In that sense, recent history is actually on Toronto’s side.
Boston had some growing pains to go with their dramatic improvement, but the Leafs are built to counteract that pain if Keefe can find a better way to manage it than Babcock did.
As it is, Cassidy is 130-55-27 in 212 games with Boston from 2017-present (good enough for a .613 winning percentage), but 207-128-21-24 in 380 games with the Providence Bruins (AHL) from 2011-16 (.545 winning%).
Babcock was 173-133-45 in 351 games with the Maple Leafs from 2015-19 (.493 winning%).
Keefe gets the final say and has his .622 winning% in 320 games with the Marlies going for him as he steps into the biggest role behind any bench in the National Hockey League.
Playoffs or not, the rest of this season is about to be a wild ride for the Maple Leafs and their fans.
Bruins fans be worried or not.
Our offseason previews for all 31 National Hockey League teams continues with the Toronto Maple Leafs and their outlook for the summer.
There was no competition for the remaining playoff spots in the Atlantic Division this season as only three teams were truly in contention for the top spot through divisional seedings.
While the Tampa Bay Lightning sat atop the Atlantic Division standings for about 95-percent of the season, the Maple Leafs and Boston Bruins swapped 2nd and 3rd all season long until Boston started peaking in March.
Toronto finished the regular season 3rd in the Atlantic with a 49-26-7 record and 105 points on the season, lining up on the road for Games 1 and 2 of their First Round matchup with the Bruins.
It was the first postseason meeting between the two clubs since their 2013 Eastern Conference Quarterfinals matchup and epic collapse in Game 7 by Toronto. Like 2013, however, the Maple Leafs won Games 5 and 6 in the series, forcing a decisive Game 7 back at TD Garden.
This time, though, the Bruins cruised in the third period to a 7-4 victory and won the series, 4-3.
Head coach, Mike Babcock, faced criticism from Toronto media and fans alike for back-to-back years of First Round exits, while Lou Lamoriello fulfilled his three years as General Manager.
Lamoriello’s seven-year contract with the club intended on keeping him in the role of GM for three years, then as a senior advisor for the final four years. Instead, Lamoriello resigned from Toronto and joined his son with the New York Islanders (and was subsequently promoted as General Manager).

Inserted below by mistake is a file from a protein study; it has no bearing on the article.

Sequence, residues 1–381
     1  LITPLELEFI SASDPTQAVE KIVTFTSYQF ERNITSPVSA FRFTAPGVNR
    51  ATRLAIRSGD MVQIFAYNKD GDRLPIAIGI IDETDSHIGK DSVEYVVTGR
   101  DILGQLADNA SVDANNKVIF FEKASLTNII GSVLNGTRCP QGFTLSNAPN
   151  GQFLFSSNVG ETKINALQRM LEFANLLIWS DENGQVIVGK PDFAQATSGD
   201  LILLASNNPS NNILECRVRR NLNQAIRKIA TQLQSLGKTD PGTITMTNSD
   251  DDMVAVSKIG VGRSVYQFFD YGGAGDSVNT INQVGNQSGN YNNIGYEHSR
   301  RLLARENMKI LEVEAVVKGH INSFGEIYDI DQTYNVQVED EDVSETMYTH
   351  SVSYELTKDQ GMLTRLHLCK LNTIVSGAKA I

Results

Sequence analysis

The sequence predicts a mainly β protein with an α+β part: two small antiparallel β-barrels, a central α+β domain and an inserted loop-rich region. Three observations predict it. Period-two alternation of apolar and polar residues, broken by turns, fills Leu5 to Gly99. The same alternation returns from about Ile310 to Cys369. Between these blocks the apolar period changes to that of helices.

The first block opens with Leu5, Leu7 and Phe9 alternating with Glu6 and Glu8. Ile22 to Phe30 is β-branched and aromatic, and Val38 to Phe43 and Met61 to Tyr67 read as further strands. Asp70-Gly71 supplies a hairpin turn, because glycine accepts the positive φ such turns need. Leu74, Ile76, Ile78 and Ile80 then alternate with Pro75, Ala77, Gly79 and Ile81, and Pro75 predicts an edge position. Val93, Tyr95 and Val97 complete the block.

Since Brendan Shanahan took a front office job with the Maple Leafs, there’s been another name prime for the GM job. Kyle Dubas.
Hired as an assistant GM as a 28-year-old, the prolific analytics-driven evaluator became General Manager of the Leafs at 32 as his Toronto Marlies (AHL) won this year’s Calder Cup championship.
The old regime is almost completely new-school in the 6ix.
2018 NHL Entry Draft
Dubas and his Maple Leafs scouting crew hold onto the 25th overall pick in the first round of the 2018 Draft and it’s not entirely clear cut on who they’ll likely target. There’s no immediate need to fill with a teenager, the 2018 Draft is deeper than usual and Toronto could always trade the pick.
There’s no ties to a player like Erik Karlsson, but the Leafs seem prime to make some type of acquisition this summer via a trade in addition to sticking with the plan.
Pending free agents
Toronto has about $22.340 million in cap space heading into July with some big names to consider re-signing.
Tomas Plekanec, Tyler Bozak, Leo Komarov, Dominic Moore and James van Riemsdyk are all pending-UFAs as of July 1st– with van Riemsdyk as one of the hottest players not named “John Tavares” potentially hitting the open market.
Acquired around the deadline from the Montreal Canadiens, 35-year-old Tomas Plekanec is two games away from the 1,000th in his NHL career. He recorded two assists in 17 games down the stretch with the Leafs and had six goals and 20 assists (26 points) in 77 games with Toronto and Montreal this season.
Since he amassed 54 points in 2015-16, Plekanec has averaged 27 points over the last two seasons. That kind of production drop-off is to be expected at some point in the waning days of his NHL career, but still important to the depth scoring of any organization.
He brings intangibles to the locker room, like leadership and good chemistry with Mitch Marner and Patrick Marleau that boosted Toronto’s playoff performance and helped extend the series with Boston to seven games.
The question is, can Dubas keep two 35-plus members on the roster, let along on the same line for another year or two (though nightly lineups are at Babcock’s discretion) and will Plekanec be allowed to regrow his goatee if he re-signs now that Lamoriello is gone?
Regardless, it’s been noted that Plekanec and his turtleneck have a desire to go back to Montreal, but if he truly wants to win a Cup before the end of his playing days…